Mary Angelica of the Annunciation was born Rita Antoinette Rizzo in 1923. She was also known simply as Mother Angelica. She was an American Roman Catholic nun of the Poor Clares of Perpetual Adoration. But she was best known as a television personality. Mother Angelica was a pioneering visionary and founder of the international broadcast cable television network Eternal Word Television (EWTN) and the radio network WEWN. EWTN became a voice for Catholics worldwide.
In 1981, Angelica started broadcasting religious programs from a converted garage in Birmingham, Alabama. Over the next twenty years, she developed a media network that included radio, TV, and internet channels as well as print media. Angelica hosted shows on EWTN until she had a stroke in 2001. She continued to live in the cloistered monastery in Hanceville, Alabama, until her death at age 92 on March 27, 2016.
Mother Angelica's nightly TV program remained true to the traditional teachings of the Catholic faith while making those teachings understandable to millions through anecdotes, recollections, loving counsel and a homespun style that generated countless devoted followers. In fact, it's safe to say that many who might have become fallen away Catholics remain true to the faith today because of the teachings and testimony of Mother Angelica.
Mother Angelica had a hardscrabble upbringing and through much of her life she endured pain and suffering. She was the only child of John and Mae Helen Rizzo (née Gianfrancesco). Her father, a tailor by trade, abandoned the family when Rizzo was only five, and her parents divorced two years later. On March 10, 1931, her mother was granted custody of the young Rizzo, and her father was ordered to pay five dollars a week in child support. Her mother only received "intermittent child-support payments from the father". While maintaining full custody, her mother struggled with chronic depression and poverty. This was in part because being a divorcée carried a social stigma at the time and the opportunities for a woman to secure income were limited especially in the height of the Great Depression. When her mother's mental condition seemed to worsen, she made arrangements with her grandparents to have her sent to Philadelphia to be with a relative.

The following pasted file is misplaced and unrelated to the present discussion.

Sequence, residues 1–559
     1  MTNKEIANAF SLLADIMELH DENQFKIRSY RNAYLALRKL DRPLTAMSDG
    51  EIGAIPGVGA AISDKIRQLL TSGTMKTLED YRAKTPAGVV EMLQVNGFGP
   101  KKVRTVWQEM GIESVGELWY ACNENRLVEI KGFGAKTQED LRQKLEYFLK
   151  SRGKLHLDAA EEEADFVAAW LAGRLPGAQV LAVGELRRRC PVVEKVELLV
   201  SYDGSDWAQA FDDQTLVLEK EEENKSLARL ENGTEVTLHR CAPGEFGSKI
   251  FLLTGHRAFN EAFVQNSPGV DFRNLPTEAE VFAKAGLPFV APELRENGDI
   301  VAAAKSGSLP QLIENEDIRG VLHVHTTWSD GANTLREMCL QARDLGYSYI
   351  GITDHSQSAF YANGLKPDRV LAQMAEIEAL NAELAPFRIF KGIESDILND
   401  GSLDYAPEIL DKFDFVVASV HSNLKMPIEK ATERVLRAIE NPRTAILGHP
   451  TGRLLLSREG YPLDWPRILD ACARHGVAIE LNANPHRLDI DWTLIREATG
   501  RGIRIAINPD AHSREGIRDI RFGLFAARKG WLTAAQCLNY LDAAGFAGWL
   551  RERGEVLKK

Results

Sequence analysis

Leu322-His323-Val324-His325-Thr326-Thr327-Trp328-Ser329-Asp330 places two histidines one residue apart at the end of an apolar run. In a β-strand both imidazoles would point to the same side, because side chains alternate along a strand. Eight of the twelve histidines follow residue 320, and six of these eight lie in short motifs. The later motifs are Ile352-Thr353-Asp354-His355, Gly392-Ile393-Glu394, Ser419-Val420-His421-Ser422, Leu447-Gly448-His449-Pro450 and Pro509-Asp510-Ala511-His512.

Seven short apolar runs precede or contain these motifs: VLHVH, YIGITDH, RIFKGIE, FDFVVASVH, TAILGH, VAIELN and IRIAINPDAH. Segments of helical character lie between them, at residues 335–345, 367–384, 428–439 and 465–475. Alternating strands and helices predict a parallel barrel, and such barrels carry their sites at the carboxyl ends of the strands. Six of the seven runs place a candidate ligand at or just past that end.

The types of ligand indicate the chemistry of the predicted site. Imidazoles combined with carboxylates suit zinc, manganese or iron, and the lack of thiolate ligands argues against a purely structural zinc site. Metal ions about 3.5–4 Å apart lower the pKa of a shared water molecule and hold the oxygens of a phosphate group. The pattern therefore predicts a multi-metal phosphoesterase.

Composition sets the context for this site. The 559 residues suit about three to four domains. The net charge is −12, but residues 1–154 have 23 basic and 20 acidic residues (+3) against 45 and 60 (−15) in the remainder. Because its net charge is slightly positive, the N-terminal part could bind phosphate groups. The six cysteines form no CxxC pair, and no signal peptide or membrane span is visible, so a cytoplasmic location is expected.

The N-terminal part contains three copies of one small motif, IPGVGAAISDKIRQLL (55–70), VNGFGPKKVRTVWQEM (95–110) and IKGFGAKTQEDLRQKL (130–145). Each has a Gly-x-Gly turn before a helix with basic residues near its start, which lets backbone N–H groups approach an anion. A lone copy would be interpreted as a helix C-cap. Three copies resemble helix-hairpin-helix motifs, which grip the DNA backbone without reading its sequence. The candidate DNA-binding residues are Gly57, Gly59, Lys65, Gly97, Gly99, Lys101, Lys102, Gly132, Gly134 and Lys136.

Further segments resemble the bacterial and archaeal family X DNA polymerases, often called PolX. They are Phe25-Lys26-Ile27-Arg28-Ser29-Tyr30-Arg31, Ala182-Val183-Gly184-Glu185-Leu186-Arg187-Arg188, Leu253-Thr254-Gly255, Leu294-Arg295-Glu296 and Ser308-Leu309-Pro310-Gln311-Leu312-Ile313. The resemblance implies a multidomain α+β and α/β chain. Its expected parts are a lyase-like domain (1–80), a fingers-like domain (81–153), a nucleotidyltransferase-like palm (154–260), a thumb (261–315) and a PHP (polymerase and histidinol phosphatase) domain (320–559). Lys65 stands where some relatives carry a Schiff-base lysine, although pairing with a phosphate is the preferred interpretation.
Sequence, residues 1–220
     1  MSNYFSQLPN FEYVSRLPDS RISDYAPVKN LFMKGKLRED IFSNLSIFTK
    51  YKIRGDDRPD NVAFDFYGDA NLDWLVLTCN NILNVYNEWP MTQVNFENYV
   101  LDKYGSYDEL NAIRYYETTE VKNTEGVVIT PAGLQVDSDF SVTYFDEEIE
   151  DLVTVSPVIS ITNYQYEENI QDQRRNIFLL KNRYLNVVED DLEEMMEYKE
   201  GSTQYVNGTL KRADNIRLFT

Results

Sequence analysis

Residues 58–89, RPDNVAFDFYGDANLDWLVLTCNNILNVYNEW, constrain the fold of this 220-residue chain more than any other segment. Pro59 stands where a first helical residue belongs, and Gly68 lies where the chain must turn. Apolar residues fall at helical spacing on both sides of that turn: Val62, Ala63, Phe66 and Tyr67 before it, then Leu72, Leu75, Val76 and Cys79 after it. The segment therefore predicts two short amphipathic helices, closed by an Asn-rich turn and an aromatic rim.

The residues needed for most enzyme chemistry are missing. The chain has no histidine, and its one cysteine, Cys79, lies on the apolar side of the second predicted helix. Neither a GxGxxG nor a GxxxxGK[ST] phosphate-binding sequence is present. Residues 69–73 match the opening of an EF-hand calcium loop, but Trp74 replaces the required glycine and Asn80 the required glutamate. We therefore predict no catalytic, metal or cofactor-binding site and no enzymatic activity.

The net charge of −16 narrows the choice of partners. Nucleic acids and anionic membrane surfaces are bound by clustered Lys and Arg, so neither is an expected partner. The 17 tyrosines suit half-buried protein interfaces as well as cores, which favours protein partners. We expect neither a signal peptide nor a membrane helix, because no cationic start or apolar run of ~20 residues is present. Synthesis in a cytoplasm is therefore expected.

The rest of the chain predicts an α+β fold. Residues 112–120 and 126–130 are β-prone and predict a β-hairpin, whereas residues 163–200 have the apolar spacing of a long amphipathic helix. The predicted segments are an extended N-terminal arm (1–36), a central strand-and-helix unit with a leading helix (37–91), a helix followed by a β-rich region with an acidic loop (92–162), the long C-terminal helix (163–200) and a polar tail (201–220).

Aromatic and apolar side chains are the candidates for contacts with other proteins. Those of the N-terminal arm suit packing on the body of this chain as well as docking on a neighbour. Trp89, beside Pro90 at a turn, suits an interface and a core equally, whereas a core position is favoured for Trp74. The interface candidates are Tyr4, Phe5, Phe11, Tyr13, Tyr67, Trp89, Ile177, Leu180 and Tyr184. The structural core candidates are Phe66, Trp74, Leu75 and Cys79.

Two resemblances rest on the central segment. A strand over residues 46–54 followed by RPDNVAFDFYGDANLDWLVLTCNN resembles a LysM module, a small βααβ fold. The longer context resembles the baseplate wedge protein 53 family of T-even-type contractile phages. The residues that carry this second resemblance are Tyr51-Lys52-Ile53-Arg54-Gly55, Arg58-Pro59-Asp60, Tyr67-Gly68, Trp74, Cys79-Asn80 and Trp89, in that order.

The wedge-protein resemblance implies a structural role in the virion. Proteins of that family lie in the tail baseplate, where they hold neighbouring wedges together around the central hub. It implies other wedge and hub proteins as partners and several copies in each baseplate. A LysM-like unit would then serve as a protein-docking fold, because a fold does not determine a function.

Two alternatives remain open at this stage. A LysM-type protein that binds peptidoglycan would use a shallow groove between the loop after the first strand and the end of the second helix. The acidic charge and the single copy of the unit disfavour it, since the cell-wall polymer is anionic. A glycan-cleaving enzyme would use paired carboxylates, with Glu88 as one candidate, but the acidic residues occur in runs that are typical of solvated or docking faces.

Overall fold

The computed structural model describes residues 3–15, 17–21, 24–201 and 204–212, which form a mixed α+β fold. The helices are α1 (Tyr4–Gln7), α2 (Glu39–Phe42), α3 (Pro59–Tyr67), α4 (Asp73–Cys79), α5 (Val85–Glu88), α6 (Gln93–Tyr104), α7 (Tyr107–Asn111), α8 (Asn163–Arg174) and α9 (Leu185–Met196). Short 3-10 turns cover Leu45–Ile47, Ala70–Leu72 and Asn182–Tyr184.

As a young woman, Rita Rizzo stopped at a church to pray and felt that God was calling her to be a nun. She sought guidance from a local parish priest who encouraged her to begin visiting convents. Her first visit was to the Sisters of St. Joseph in Buffalo, New York, but the active congregation felt that she was better suited to contemplative life. She also visited Saint Paul's Shrine of Perpetual Adoration, a facility operated by an order of cloistered contemplative nuns, located in Cleveland, Ohio. When visiting this order, she felt as if she were at home. The order accepted her as a postulant, inviting her to enter on August 15, 1944. She was 21 years old.
From there she went on to eventually establish a cloistered community in Alabama that became Our Lady of the Angels Monastery. It grew over the years and, with Mother's tireless energy and guidance, it built the largest Catholic communication network in the world as EWTN grew exponentially with the advent of cable television, satellite radio and the internet.